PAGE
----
A 12,000-acre wildfire near The Dallas, a Columbia River port town, burned to within inches of some rural buildings before firefighters could beat it back, according to the Northwest Interagency Coordination Center. By Monday morning crews had the fire 55 percent contained.
Some 250 residents were told to evacuate as the fire crept within two miles of town.
Stiff winds were still posing what the Oregon Department of Forestry called “serious control problems.”
The Salvation Army and other relief groups were helping to meet the needs of evacuees. The Humane Association of the United States was monitoring the situation closely and was prepared to deploy specially trained disaster response teams to help stranded animals.
According to fire information officers, local churches were also opening their doors and offering shelter to evacuees.
As the fire continued to push toward some area power lines, the power might have to be switched off because dense smoke poses the threat to firefighters of short circuits between the wires and the ground.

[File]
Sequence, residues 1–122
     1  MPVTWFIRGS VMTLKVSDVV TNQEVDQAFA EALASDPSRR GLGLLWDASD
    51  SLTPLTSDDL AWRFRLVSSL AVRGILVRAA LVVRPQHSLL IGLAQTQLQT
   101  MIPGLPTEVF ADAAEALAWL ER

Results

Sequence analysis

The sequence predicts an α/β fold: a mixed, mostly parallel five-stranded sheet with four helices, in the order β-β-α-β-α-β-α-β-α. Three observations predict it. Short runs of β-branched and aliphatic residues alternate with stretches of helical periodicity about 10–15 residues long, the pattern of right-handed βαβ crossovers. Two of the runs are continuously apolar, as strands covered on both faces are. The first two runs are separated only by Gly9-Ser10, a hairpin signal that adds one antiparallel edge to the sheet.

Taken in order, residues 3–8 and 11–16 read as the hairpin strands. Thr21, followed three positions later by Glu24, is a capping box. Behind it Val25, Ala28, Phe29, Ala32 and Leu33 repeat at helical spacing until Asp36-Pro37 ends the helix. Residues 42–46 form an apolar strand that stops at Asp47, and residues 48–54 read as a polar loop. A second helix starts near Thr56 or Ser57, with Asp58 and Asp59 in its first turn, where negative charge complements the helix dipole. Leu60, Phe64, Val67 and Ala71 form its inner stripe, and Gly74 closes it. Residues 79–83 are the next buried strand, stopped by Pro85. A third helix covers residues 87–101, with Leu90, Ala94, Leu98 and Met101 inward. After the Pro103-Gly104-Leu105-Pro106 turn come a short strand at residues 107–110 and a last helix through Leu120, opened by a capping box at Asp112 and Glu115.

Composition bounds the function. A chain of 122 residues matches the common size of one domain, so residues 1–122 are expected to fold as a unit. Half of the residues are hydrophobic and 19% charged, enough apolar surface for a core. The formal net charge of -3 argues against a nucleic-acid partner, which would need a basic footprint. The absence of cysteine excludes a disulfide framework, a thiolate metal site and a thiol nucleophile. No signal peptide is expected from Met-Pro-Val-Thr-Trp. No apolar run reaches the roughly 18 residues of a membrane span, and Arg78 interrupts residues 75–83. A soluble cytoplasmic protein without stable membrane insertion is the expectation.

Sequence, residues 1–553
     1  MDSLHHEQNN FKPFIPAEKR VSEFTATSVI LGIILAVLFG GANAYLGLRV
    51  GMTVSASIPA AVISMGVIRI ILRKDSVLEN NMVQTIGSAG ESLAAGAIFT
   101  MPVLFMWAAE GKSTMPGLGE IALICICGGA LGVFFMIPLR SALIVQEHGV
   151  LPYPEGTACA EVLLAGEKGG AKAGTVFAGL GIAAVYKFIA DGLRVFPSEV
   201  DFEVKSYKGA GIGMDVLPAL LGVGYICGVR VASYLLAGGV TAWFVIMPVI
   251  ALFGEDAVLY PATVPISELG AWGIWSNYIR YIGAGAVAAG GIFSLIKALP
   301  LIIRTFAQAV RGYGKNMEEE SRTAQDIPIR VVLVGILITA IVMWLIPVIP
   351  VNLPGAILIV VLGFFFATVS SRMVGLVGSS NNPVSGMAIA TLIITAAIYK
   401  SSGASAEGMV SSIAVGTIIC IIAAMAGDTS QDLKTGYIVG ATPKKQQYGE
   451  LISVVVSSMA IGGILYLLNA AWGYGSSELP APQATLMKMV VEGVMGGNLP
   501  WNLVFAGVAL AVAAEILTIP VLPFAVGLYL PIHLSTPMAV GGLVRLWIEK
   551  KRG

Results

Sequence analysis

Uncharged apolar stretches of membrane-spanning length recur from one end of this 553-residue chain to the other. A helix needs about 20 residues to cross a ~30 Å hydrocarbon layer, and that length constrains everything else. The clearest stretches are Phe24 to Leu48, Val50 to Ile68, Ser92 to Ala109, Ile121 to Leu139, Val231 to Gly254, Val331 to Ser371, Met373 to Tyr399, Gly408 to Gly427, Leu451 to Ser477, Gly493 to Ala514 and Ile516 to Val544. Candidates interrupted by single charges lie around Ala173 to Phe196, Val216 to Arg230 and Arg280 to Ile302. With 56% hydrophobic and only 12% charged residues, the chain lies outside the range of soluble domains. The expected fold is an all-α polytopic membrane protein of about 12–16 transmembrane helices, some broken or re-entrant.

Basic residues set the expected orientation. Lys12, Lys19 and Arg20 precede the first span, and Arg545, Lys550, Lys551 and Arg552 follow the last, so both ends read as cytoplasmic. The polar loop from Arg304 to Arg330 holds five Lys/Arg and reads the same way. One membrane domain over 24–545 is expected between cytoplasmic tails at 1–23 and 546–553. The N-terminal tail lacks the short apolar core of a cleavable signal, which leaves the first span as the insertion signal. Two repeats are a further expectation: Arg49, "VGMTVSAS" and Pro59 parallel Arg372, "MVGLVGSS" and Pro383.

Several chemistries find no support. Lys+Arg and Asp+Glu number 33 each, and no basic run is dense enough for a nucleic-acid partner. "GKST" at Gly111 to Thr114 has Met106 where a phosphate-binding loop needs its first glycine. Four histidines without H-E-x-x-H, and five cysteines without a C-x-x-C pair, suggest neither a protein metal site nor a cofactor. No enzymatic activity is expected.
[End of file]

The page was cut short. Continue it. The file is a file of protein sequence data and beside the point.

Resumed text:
Two firefighters died this week battling another Oregon blaze in the Klamath National Forest when their fire truck tumbled into a ravine. Twelve firefighters altogether have died fighting western fires this year.
Meanwhile, California’s sequoia trees were safer as firefighters were able to get a better handle on the blaze in the Sequoia National Forest. Residents from the nearby areas of Ponderosa and Johnsondale were still not back into their homes Monday.
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